In order to calculate investment property depreciation, it is important to know the useful life classification for that property. Depreciation is a measurement of the decline in value of an asset over time due to use or deterioration. For tax purposes, the useful life for assets may be found in depreciation schedules printed by governmental taxing authorities. In the United States, this authority is the Internal Revenue Service (IRS).
Calculating investment property depreciation allows a tax advantage that the property investor may claim against his or her investment income. The actual amount that can be claimed will depend on the amount paid for the property, the type of property, and the method of depreciation used. An investor cannot deduct the entire cost of the property in the year of purchase. Since the property will be useful over several years, and therefore producing income over time, the cost is spread out over that same period of time.
In the United States, most business depreciation is computed using the Modified Accelerated Cost Recovery System, also known as MACRS. The IRS provides information concerning a property’s recovery class and recovery period, or useful life, and allowable depreciation methods. Residential rental property and commercial structures are two main depreciation classifications. Investment property depreciation periods for residential rental property are 27.5 years, and the period for commercial buildings is 39 years.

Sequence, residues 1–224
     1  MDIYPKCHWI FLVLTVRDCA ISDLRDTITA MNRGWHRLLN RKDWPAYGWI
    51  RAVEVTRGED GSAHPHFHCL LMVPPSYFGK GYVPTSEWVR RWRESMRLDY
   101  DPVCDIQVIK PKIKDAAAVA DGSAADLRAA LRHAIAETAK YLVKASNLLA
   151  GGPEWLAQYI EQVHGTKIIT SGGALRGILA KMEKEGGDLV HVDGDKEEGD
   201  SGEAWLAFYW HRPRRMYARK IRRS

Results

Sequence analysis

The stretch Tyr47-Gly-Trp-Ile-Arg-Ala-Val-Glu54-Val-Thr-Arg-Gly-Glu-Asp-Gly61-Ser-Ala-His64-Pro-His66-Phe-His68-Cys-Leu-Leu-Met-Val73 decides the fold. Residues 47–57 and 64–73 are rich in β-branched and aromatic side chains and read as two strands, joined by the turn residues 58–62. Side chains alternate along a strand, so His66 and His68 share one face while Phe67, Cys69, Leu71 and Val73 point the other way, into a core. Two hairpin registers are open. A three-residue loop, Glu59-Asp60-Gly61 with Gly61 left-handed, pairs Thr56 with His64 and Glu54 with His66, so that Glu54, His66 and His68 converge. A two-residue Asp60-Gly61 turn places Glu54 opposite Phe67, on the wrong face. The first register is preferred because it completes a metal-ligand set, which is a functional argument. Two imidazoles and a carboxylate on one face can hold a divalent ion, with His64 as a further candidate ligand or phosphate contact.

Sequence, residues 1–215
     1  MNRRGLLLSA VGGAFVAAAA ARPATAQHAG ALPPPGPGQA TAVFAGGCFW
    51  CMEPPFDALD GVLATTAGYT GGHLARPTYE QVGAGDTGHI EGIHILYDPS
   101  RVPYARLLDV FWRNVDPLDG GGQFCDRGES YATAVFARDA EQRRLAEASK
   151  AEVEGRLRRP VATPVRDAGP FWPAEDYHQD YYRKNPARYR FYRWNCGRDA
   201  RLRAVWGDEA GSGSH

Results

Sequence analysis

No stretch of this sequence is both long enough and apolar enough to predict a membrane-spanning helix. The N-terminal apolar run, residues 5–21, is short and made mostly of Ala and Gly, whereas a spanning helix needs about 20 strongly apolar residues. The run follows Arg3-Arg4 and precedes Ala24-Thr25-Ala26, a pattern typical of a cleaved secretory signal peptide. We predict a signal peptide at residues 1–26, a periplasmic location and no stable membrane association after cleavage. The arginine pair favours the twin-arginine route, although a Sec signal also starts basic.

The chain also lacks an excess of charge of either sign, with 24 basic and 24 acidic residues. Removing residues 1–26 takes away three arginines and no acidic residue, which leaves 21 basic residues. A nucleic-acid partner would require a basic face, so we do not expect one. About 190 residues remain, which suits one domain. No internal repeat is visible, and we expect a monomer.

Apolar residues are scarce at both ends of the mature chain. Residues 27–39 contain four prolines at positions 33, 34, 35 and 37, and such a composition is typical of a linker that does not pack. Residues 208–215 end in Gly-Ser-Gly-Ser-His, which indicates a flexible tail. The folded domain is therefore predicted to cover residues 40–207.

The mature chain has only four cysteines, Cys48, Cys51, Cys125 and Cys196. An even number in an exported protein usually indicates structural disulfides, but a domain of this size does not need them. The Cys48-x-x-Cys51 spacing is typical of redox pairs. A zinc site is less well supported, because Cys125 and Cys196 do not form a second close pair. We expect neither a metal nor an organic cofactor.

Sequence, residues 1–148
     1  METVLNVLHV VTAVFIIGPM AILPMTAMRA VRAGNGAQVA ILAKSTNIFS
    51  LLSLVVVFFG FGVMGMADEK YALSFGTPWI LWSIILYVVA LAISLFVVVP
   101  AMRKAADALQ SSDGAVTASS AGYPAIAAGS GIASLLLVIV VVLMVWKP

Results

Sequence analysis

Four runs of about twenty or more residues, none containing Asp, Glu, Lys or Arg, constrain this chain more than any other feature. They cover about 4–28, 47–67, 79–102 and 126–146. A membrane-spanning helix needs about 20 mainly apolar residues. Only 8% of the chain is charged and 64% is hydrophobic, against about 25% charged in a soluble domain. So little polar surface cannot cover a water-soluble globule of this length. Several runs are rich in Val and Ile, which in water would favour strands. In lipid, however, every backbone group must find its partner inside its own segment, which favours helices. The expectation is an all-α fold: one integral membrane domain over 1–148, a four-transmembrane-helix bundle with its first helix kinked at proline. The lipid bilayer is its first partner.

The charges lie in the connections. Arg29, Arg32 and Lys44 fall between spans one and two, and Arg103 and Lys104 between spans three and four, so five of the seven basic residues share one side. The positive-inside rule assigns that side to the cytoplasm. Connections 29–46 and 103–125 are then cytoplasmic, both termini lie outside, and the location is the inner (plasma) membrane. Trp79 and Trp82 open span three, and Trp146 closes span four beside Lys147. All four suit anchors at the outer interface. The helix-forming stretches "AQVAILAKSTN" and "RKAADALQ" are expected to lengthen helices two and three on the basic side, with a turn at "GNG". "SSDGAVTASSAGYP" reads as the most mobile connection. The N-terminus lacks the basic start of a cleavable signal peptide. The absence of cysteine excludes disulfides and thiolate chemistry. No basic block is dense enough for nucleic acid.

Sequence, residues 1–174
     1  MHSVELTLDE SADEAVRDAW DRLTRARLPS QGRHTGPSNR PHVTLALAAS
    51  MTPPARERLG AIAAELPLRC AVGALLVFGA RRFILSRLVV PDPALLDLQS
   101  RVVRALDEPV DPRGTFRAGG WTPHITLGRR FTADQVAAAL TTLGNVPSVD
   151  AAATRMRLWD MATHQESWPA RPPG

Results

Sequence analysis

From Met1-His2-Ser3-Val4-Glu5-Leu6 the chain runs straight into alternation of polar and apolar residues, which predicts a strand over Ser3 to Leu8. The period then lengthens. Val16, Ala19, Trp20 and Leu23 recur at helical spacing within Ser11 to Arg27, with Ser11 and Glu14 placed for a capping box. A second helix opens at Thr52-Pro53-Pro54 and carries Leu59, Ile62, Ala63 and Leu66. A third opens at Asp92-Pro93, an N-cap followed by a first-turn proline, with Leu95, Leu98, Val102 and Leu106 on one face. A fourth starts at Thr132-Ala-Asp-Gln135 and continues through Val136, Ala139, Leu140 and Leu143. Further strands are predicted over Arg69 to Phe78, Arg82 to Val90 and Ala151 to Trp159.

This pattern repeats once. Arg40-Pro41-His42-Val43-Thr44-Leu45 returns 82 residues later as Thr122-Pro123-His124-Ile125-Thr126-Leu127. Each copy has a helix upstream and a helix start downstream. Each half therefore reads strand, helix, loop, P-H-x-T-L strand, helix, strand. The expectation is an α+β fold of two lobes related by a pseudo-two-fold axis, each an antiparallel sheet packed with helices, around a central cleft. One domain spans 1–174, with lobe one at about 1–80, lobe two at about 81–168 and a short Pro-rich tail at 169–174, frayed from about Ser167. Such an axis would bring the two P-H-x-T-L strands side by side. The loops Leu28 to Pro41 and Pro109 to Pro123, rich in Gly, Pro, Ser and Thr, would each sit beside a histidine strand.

Under the MACRS system, the only depreciation method that can be used for either residential rental property or commercial buildings is straight-line depreciation. This means that the total allowable investment property depreciation, or investment cost, will be divided equally over the taxable life of the asset. The basis or amount invested in the asset is the cost of the investment property plus settlement fees, such as abstract fees, recording fees, and title insurance.
Property must be used in a business or income-producing activity in order for depreciation to be allowed. As investment property depreciation is claimed each year, the basis, or value, of the asset decreases by the amount of yearly allowable depreciation. This is true each year of the asset’s life, whether or not the taxpayer actually claims the full amount allowed.
When computing investment property depreciation, only the investment cost applicable to the buildings can be depreciated, and not the cost of the land upon which the buildings are located. Land cannot be depreciated because it does not get used up or wear out as structures or other assets do. However, land preparation costs, such as landscaping, can be depreciated if they are associated with depreciable property and a life for them can be determined.